This speech is indirect because we don't hear it from the character himself. What Bob says and does and thinks is filtered through the narrator. As a result we lose the timber of Bob's voice as well as the particular words he, as opposed to the narrator, would use. When I read normal indirect speech it can feel as though a veil has been drawn over the character, over his mind, his essence, and that I am forced to see him through the lens of the narrator's thoughts and feelings.

Free Indirect Speech

Here's an example of free indirect speech: Bob scowled up at the dark clouds; yep, it was gonna rain.

Here, as with direct speech, the narrator is shunted aside. You, the reader, no longer look at the character through the lens of the narrator's beliefs and hopes and judgements. Here you are shown Bob's unadulterated, unfiltered, thoughts as he thinks them. 

Free indirect speech: who started this wackiness?

Apparently, nineteenth century French novelist Flaubert was the first to be consciously aware of it as a style but both Goethe and Jane Austen used free indirect style consistently. Other practitioners of the form were: Franz Kafka, James Joyce, Virginia Woolf and D.H. Lawrence. [1]

Share your thoughts! What do you think of free indirect discourse? Do you enjoy reading authors who use the technique? Have you used it? Would you?


1. Free indirect speech, Wikipedia.
4. The article, So You want to be a writer ... is a collection of reactions--all by author-teachers--to Hanif Kureishi's statement that creative writing courses are a waste of time. It was Philip Hensher's essay that included the sentence that opened my eyes: "The focus [in Hensher's writing classes] is on technique as well as emotion and experience. Is the presiding consciousness the right one? Does he need to filter everything through his awareness? Is this the right tense? What is this thing called free indirect style?"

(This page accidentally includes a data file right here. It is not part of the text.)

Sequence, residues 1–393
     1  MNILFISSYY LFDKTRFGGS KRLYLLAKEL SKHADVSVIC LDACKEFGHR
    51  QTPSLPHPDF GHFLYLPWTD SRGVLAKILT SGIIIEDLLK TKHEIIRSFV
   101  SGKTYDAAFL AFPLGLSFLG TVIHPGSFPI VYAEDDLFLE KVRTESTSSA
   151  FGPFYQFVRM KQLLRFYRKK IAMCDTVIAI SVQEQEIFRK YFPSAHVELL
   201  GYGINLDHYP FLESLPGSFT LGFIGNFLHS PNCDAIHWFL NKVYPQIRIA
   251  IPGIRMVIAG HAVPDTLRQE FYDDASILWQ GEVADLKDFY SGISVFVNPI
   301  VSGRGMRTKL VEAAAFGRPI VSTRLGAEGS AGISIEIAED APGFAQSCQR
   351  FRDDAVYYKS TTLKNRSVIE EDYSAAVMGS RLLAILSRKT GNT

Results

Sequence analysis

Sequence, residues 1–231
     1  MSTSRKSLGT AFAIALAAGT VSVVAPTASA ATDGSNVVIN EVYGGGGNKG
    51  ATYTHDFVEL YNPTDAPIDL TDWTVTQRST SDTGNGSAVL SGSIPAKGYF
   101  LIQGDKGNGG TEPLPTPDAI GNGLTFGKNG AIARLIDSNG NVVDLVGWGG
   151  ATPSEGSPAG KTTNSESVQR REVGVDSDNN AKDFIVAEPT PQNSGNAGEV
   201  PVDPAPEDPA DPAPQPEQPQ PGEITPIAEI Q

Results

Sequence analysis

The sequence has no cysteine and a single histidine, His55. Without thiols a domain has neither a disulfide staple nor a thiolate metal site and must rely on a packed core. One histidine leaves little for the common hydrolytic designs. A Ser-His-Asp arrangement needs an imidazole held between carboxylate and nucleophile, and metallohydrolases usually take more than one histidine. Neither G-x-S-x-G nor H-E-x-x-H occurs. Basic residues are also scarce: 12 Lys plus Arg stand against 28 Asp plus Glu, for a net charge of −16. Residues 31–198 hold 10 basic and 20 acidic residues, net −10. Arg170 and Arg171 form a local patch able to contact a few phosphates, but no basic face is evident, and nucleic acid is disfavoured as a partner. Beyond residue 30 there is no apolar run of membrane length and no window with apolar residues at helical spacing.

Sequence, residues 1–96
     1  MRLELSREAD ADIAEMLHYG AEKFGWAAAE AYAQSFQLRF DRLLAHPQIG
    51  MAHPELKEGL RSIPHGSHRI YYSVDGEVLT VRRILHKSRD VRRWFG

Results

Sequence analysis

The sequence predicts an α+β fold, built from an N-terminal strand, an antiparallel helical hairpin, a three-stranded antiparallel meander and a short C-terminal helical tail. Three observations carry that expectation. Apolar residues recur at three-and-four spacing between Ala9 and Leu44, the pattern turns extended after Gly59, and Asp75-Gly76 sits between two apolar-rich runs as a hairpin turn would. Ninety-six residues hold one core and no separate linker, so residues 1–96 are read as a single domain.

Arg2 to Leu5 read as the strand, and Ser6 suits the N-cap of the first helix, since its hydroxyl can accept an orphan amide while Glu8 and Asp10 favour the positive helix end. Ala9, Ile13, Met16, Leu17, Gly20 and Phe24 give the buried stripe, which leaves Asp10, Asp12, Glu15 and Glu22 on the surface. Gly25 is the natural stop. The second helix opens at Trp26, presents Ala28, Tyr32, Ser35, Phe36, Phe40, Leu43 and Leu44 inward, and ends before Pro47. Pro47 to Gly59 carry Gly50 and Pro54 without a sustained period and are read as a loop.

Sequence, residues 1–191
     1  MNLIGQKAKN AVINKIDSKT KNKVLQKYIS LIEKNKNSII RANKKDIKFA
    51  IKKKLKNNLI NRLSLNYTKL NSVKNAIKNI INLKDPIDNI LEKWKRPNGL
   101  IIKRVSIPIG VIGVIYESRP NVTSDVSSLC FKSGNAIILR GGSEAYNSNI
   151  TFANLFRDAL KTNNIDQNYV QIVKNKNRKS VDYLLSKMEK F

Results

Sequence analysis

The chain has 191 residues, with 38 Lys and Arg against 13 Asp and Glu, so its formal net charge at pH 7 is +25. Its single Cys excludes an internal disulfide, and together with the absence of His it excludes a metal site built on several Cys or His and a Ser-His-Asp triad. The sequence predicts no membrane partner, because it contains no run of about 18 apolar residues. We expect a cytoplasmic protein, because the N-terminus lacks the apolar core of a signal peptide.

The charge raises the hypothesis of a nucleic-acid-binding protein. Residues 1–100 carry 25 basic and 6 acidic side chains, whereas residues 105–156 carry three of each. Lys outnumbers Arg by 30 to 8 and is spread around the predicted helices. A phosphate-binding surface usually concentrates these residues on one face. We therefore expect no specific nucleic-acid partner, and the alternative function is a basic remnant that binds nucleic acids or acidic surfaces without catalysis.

Miscellaneous Writing Links

Photo credit: "Cap Formentor" by *Light Painting* under Creative Commons Attribution 2.0.

Monday, April 7

How To Write A Murderously Good Mystery: The Murderer

How To Write A Murderously Good Mystery: The Murderer

W.H. Auden writes that the test of a good detective story is twofold:

a) The reader must be surprised when the sleuth reveals the identity of the murderer.

b) The reader must believe that "everything he has previously been told about the murderer is consistent with his being a murderer."[1]

An excellent test! Also, it highlights an important point: a murder mystery is primarily about the murderer. Not the sleuth, not the sidekick, not even the victims. After all, it is the murderer's desire, his goal, that drove him to kill.

Qualities of an Interesting Murderer

1. The murderer must be a worthy adversary for the sleuth.

Storytellers want their audience to think the sleuth is clever and resourceful. This means the storyteller must show him being clever and resourceful. But the only way to do this is to pit the sleuth against an opposing force--the murderer--who is every bit as clever and resourceful as the sleuth. 

When the protagonist fails (as he/she inevitably will at some point) we understand that they were up against someone brilliant. If the murderer isn't clever then when the sleuth fails ... well, that's just embarrassing! 

Also, when the sleuth finally solves the mystery and unmasks the murderer it means  more because the antagonist was clever. So clever, in fact, that only your sleuth could have brought him/her to justice.